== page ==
Deficiency in origin licensing proteins impairs cilia formation: implications for the aetiology of meier-gorlin syndrome

Stiff, Tom, Alagoz, Meryem, Alcantara, Diana, Outwin, Emily, Brunner, Han G, Bongers, Ernie M H F, O'Driscoll, Mark and Jeggo, Penny A (2013) Deficiency in origin licensing proteins impairs cilia formation: implications for the aetiology of meier-gorlin syndrome. PLoS genetics, 9 (3). e1003360. ISSN 1553-7404

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Abstract

Mutations in ORC1, ORC4, ORC6, CDT1, and CDC6, which encode proteins required for DNA replication origin licensing, cause Meier-Gorlin syndrome (MGS), a disorder conferring microcephaly, primordial dwarfism, underdeveloped ears, and skeletal abnormalities. Mutations in ATR, which also functions during replication, can cause Seckel syndrome, a clinically related disorder. These findings suggest that impaired DNA replication could underlie the developmental defects characteristic of these disorders. Here, we show that although origin licensing capacity is impaired in all patient cells with mutations in origin licensing component proteins, this does not correlate with the rate of progression through S phase. Thus, the replicative capacity in MGS patient cells does not correlate with clinical manifestation. However, ORC1-deficient cells from MGS patients and siRNA-mediated depletion of origin licensing proteins also have impaired centrosome and centriole copy number. As a novel and unexpected finding, we show that they also display a striking defect in the rate of formation of primary cilia. We demonstrate that this impacts sonic hedgehog signalling in ORC1-deficient primary fibroblasts. Additionally, reduced growth factor-dependent signaling via primary cilia affects the kinetics of cell cycle progression following cell cycle exit and re-entry, highlighting an unexpected mechanism whereby origin licensing components can influence cell cycle progression. Finally, using a cell-based model, we show that defects in cilia function impair chondroinduction. Our findings raise the possibility that a reduced efficiency in forming cilia could contribute to the clinical features of MGS, particularly the bone development abnormalities, and could provide a new dimension for considering developmental impacts of licensing deficiency.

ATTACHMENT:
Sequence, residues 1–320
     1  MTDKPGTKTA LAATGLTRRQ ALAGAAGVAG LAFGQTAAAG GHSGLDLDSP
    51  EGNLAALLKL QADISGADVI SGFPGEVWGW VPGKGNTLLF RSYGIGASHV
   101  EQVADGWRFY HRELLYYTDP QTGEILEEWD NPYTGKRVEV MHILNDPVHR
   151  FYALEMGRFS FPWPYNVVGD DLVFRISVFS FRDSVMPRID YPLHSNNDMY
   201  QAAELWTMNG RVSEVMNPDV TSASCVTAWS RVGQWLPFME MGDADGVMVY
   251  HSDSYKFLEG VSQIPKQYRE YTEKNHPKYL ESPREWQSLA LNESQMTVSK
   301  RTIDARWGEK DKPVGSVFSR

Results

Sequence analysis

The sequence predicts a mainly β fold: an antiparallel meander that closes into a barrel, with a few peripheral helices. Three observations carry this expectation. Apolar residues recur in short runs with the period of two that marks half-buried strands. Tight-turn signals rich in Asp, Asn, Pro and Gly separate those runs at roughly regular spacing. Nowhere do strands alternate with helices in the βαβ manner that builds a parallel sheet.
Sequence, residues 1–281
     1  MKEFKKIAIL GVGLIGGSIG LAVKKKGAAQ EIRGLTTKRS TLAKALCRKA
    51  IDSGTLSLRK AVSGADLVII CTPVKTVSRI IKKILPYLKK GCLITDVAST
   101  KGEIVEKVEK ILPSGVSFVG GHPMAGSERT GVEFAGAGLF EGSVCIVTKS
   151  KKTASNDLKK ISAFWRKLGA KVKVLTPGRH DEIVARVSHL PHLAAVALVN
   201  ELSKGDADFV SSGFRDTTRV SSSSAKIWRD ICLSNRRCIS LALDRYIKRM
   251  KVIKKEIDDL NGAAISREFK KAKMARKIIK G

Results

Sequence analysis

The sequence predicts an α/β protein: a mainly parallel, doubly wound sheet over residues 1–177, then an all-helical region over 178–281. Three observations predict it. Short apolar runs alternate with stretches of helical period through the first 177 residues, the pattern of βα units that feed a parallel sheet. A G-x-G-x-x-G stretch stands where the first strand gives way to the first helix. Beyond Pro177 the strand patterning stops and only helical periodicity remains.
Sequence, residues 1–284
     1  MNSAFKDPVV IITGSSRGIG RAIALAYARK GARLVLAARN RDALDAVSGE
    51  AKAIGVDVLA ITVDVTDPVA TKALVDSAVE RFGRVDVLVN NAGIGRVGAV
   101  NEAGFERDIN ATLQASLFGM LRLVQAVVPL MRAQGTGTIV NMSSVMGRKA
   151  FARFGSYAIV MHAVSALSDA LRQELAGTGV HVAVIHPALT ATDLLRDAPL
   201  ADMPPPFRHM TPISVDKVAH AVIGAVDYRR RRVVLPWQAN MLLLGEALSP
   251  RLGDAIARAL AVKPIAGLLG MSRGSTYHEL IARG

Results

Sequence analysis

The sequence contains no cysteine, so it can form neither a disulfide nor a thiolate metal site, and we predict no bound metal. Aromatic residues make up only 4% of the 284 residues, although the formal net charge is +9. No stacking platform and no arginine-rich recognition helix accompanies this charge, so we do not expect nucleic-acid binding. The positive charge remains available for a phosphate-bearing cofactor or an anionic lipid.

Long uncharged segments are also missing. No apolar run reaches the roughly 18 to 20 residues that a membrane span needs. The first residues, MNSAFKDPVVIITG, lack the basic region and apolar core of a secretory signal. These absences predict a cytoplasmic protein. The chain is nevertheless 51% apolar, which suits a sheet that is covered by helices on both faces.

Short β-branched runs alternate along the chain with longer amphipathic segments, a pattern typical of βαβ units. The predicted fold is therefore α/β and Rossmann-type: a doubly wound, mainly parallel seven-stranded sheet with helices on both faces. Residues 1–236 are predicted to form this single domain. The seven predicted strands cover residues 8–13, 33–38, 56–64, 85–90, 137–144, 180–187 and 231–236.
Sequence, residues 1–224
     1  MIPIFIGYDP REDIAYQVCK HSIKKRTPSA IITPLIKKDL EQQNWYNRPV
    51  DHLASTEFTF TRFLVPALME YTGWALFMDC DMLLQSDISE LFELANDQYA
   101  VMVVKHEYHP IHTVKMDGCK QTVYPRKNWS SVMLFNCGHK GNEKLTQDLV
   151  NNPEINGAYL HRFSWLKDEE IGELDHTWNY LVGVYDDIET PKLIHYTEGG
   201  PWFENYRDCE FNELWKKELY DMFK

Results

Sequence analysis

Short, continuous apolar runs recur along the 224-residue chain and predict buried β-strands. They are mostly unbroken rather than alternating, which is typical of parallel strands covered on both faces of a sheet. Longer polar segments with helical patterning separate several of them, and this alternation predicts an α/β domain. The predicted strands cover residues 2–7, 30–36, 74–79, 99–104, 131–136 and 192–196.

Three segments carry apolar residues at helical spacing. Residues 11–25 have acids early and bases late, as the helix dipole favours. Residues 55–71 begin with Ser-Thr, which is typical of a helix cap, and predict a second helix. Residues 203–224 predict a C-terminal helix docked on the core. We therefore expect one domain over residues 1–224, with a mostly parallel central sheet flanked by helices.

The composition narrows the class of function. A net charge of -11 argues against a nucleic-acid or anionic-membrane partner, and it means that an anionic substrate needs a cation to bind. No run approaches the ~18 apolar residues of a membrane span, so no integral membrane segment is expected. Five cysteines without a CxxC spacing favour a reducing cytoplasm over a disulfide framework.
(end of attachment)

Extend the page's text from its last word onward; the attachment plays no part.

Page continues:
Item Type: Article
Schools and Departments: School of Life Sciences > Sussex Centre for Genome Damage and Stability
Subjects: Q Science > QM Human anatomy > QM0001 General
Q Science > QM Human anatomy > QM0601 Human embryology
R Medicine > RB Pathology > RB127 Manifestations of disease
Depositing User: Mark O'Driscoll
Date Deposited: 05 Apr 2013 13:38
Last Modified: 07 Mar 2017 07:51
URI: http://sro.sussex.ac.uk/id/eprint/44145

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